Thursday Thirteen Ed. #63

by Steve, October 18th, 2006

politicsIt’s been a while since I’ve done a Thursday Thirteen list, and even longer since I’ve written about anything but hockey here. (And there’s been some damn good hockey so far this season!) But this being election season, I am bound to get into politics again sooner or later. So why not start with Thirteen Failures of Geo. W. Bush ?

1. Iraq. Wrong target, wrong reason, wrong plan. Now we find ourselves backing a Shi’a regime (which also enjoys the backing of our fundamentalist extremist friends in Iran). We are fully engaged in a civil war, with our troops used to prop up an Islamist regime with direct ties to unlawful militias and death squads. We’re on track to lose around 100 US service men and women this month. Nice. Way to support the troops. Thanks, George.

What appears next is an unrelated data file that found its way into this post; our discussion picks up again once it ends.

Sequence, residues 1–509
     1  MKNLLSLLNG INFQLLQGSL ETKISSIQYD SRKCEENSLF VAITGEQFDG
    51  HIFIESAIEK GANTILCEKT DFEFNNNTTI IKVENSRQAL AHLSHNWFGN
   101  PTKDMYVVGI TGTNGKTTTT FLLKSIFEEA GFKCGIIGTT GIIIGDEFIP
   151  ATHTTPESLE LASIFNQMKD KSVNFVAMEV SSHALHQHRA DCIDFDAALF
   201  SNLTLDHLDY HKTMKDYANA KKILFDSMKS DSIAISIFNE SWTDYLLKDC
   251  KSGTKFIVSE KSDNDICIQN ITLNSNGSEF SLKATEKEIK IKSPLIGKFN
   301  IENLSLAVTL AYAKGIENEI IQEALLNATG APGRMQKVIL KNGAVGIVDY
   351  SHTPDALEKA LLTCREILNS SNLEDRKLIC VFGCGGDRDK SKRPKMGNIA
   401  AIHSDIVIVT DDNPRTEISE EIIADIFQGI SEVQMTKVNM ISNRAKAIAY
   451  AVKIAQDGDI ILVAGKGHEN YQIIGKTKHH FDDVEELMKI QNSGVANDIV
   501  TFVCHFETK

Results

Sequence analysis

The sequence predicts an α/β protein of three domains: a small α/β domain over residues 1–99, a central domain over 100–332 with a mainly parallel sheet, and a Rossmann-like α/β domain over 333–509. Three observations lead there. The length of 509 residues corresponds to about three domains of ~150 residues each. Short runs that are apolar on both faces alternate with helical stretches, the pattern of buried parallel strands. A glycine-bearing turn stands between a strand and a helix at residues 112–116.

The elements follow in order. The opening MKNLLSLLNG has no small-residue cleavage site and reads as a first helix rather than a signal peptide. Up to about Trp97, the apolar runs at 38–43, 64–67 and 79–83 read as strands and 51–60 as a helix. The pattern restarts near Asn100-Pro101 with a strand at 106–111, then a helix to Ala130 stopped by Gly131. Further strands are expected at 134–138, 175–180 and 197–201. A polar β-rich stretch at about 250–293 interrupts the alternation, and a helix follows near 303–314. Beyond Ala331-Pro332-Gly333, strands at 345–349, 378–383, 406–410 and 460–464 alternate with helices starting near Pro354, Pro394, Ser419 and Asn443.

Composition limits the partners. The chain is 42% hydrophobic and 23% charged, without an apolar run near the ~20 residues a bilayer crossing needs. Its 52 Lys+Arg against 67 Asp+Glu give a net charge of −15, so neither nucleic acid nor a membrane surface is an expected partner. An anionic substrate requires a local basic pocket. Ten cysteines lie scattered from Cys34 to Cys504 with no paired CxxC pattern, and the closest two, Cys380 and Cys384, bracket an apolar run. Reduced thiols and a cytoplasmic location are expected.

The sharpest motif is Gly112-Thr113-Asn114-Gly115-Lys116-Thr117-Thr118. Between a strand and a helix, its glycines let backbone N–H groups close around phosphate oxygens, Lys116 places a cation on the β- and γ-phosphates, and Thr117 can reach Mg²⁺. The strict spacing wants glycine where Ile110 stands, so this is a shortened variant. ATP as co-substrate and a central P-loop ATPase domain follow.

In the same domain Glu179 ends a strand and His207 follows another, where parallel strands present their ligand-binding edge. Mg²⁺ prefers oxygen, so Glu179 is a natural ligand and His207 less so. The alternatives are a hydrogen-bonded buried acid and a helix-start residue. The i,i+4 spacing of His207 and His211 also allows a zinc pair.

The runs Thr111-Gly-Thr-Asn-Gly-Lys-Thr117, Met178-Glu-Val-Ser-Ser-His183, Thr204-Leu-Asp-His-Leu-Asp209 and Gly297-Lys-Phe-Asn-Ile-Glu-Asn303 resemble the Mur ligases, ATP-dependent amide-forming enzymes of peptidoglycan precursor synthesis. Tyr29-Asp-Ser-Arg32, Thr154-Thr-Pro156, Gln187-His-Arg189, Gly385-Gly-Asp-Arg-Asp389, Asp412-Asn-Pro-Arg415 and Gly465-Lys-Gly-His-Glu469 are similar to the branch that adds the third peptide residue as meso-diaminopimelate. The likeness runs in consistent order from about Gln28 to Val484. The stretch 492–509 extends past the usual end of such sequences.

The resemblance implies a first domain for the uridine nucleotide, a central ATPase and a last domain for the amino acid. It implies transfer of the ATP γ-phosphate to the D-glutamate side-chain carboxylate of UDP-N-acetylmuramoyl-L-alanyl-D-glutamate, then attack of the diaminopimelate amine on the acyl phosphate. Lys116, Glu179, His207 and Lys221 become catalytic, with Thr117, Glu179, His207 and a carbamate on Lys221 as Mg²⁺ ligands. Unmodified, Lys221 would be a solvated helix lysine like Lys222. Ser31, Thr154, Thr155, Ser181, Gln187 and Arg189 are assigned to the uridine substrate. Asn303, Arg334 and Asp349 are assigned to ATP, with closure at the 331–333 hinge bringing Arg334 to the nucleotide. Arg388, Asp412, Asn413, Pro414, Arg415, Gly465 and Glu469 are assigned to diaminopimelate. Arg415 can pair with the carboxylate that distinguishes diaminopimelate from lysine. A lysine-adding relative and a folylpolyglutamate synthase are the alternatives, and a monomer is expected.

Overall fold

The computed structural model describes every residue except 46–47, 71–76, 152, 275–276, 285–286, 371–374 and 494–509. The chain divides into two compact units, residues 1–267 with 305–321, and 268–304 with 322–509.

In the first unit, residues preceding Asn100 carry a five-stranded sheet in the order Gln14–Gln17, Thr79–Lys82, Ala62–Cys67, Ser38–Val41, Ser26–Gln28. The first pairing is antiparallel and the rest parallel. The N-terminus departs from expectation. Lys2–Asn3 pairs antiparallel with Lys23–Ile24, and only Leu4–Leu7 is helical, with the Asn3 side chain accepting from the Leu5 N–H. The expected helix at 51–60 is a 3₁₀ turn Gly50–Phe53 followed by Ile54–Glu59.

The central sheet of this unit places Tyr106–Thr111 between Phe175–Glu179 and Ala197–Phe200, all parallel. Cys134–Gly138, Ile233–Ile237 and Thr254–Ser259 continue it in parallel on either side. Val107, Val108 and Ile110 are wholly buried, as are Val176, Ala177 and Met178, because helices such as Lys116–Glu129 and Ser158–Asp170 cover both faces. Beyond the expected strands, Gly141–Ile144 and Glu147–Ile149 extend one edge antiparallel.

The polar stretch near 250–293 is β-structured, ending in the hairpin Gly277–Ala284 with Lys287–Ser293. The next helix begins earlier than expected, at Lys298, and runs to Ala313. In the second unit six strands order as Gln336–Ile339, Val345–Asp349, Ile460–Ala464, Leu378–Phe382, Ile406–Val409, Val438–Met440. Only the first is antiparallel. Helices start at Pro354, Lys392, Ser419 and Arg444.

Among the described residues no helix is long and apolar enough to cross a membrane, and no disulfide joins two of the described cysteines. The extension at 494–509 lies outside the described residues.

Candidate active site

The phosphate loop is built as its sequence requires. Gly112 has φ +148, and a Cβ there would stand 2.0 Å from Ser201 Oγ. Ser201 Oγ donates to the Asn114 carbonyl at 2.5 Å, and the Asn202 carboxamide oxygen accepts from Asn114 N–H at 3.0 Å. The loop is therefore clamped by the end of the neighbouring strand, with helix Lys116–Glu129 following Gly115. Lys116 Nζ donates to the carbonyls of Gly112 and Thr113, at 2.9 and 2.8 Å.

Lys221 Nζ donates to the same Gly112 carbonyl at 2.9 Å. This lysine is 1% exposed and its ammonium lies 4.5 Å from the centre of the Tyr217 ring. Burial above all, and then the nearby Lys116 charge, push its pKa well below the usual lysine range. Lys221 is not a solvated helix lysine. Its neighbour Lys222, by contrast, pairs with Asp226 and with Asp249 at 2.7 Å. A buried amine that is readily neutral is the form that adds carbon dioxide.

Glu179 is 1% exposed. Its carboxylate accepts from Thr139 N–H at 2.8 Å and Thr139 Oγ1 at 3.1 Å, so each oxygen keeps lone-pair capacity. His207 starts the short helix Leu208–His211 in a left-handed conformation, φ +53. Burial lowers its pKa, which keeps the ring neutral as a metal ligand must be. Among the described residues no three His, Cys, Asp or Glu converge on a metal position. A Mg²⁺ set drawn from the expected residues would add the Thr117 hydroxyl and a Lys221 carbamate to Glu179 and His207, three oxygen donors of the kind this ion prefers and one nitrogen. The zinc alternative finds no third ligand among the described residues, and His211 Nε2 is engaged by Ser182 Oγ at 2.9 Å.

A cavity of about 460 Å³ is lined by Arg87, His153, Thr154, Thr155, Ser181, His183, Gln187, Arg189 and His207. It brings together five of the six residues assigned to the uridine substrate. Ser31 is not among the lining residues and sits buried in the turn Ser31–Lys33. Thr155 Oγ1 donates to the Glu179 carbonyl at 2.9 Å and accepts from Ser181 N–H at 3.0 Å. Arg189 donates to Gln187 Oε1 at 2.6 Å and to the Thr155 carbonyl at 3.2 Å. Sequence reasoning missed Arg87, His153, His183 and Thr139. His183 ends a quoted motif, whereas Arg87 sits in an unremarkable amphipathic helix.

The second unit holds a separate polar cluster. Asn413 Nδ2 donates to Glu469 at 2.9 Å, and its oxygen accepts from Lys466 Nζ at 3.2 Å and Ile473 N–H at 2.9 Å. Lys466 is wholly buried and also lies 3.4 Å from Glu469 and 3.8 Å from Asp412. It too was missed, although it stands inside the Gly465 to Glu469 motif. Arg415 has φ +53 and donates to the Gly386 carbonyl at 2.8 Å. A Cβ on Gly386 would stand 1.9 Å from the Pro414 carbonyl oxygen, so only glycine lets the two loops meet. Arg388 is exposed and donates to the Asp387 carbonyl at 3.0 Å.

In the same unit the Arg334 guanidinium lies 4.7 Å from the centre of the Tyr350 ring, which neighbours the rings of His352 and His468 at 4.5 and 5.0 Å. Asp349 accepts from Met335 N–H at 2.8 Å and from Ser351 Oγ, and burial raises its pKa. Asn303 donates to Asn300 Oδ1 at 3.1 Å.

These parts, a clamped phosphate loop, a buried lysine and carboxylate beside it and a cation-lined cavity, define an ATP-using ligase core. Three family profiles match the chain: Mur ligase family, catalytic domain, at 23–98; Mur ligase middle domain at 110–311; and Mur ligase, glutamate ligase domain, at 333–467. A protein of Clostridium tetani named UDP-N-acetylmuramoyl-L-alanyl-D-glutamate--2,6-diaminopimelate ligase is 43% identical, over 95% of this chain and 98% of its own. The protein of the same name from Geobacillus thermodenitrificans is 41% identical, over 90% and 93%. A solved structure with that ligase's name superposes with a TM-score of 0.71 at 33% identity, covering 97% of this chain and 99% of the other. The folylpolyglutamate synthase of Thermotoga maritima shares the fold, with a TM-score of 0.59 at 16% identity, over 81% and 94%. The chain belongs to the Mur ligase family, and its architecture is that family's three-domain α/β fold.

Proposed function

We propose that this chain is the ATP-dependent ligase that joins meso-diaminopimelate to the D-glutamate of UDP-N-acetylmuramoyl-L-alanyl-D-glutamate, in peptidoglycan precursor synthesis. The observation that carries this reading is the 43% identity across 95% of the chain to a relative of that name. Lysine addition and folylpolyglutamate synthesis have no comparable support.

2. Afghanistan. We went in there to… get bin Laden? Bzzt! Failure. To defeat the Taliban? Bzzt! They’re coming back with a vengeance. Liberate women from the Burqa? Bzzt! Didn’t happen (To quote Arundhati Roy, “It’s being made out that the whole point of the war was to topple the Taliban regime and liberate Afghan women from their burqas, we are being asked to believe that the U.S. marines are actually on a feminist mission. If so, will their next stop be America’s military ally Saudi Arabia?”)

3. North Korea. This will probably go down in history as his greatest failure, even bigger than Iraq. Why? Because when Bush took office, the US had a working policy, the Agreed Framework, that had successfully contained North Korea’s nuclear ambitions. This Framewok had been in place since 1994, and under it North Korea had halted all nuclear development. Bush promptly discarded the Framework, and North Korea promptly went back to the nuclear drawing board and—surprise!—produced a nuke. And Bush has the chutzpah to suggest that dialog with North Korea had failed. Wrong George! Withdrawing from the Framework is what failed!